Beebe the Livestock Guardian Dog

Last week, we welcomed Beebe the livestock guardian dog to Runamuk Acres. This was one of those amazing opportunities that just lined itself up for me and was too good to pass up. I love it when that happens lol. The resulting journey to Downeast Maine was an epic adventure, and the canine protector I came home with will be a valuable asset to the farm. I am one happy farmer.

ISO Livestock Guardian Dog

I am always on the look-out for opportunity. That’s been a big key to the successes I’ve had as a farmer. Simply keeping an open mind, and being ready to seize the moment has led to so many wonderful opportunities.

At the same time though, I’m not one to simply sit and wait for Fate to do all the work. I decided to create an advertisement on Craigslist: “ISO Livestock Guardian Dog”─putting the concept out there into the ether in hopes the Universe would see fit to provide. In the meanwhile, I joined a number of LGD groups on facebook. Following other LGD owners through their struggles and successes helped me learn more about these animals. It gave me a healthy appreciation for what it was going to take to do a good job raising one to serve Runamuk.

A Long-Shot

Thank you @magicallyflatyeticorn for tagging @RunamukAcres on Instagram!!!

The biggest hang-up I had was that I didn’t actually have the $1000-$1800 that an animal like that costs. The farm is gaining momentum now, but that kind of money is currently out of my reach. I had to hope against hope that someone out there would be kind and compassionate enough to work with this farmer to hash out some kind of payment arrangement or barter for goods and services. I knew it was a long shot, but I put it out there anyway. If you never ask, the answer will always be no. And sometimes─just sometimes─the answer might surprise you.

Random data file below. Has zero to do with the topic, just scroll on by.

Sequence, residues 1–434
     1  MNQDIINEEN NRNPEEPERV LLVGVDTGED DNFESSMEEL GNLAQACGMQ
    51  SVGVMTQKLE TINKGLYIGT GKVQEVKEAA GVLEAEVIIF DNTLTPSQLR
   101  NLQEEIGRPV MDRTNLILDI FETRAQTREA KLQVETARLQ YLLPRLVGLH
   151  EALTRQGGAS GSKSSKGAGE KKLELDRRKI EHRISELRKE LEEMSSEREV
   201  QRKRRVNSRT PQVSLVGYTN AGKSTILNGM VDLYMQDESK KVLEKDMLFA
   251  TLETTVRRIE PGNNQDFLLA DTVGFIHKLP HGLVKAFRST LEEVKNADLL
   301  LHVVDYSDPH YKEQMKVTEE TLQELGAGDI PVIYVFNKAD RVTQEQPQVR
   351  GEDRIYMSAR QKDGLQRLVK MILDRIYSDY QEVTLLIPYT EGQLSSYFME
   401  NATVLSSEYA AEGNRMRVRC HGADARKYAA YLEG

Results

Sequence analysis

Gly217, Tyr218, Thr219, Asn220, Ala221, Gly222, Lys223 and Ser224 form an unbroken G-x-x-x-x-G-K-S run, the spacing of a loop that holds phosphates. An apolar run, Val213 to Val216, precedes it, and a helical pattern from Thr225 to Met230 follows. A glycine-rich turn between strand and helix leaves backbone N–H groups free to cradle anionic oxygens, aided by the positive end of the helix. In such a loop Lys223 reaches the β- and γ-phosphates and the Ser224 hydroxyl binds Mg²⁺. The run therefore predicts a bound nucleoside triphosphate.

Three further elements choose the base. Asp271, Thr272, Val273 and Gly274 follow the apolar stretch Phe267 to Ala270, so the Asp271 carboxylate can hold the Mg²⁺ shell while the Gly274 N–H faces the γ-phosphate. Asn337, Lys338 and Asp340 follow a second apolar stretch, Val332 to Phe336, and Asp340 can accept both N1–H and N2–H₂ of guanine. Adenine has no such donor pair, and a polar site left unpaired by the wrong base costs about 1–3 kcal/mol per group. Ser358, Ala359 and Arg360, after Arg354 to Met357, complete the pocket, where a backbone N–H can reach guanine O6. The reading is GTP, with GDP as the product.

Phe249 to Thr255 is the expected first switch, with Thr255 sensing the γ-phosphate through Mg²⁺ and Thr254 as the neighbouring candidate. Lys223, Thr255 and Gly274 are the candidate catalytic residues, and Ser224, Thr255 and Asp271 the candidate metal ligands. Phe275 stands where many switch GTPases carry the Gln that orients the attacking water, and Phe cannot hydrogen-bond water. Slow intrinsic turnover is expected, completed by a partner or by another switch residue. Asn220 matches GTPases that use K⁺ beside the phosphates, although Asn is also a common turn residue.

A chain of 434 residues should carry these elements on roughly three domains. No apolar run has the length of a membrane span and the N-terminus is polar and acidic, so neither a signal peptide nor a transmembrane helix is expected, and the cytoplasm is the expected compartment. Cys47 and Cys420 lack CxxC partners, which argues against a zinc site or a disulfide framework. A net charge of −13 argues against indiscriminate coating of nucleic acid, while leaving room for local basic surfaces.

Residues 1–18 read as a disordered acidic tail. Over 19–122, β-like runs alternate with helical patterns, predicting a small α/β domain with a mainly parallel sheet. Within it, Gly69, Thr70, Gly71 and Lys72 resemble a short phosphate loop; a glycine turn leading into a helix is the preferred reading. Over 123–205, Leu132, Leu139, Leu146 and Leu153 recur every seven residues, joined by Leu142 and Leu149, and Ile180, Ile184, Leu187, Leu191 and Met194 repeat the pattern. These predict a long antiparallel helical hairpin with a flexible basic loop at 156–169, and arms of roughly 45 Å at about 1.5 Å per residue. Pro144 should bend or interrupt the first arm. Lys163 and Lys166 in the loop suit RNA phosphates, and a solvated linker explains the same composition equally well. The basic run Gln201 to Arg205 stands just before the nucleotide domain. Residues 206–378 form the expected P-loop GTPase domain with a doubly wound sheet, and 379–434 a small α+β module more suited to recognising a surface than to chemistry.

The chance to score my LGD came to me through Instagram and one of my local followers there. I am blessed with a supportive network of followers both in real life and online, and I am so grateful for it. Laura Casey @magicallyflatyeticorn tagged @RunamukAcres in the comments of a post on Instragram asking, “Do you folks know anyone looking for a guardian?”

I didn’t have any expectations when I reached out to the dog breeder @dawnland_wolfhounds on Instagram. Bravely, I asked my question and waited hopefully, for his response. It was a pleasant surprise when he returned that he was fine with a payment arrangement. He said he just liked seeing his dogs go to good, working homes. Overjoyed at this news, I made an appointment for the following day.


From the farm, it was nearly 4 hours downeast to Crawford, Maine. Having never been further east than Bangor and Hampden, this was quite the adventure for yours truly. Though the color was past peak foliage, the majority of the trees still had most of their leaves despite it being mid-October. The burnt yellows and orange hues made for a beautiful ride on a sunny Tuesday morning.

As I went further east into Washington county, I saw vast hillsides painted a burnished red by the scrubby, low-growing blueberry bushes. Our nights here in Maine have grown cold, most plant-life is dead or dying. They are withdrawing their energies back into their roots, deep down in the ground. But, oh! What a display the wild Maine blueberry makes across those barren fields! That is a sight I won’t soon forget.

After a couple of false stops thanks to Google Maps, I eventually arrived at my destination. I met Eric Bacon, who raises Central Asian Shepherds, as well as chickens and goats.

The Central Asian Shepherd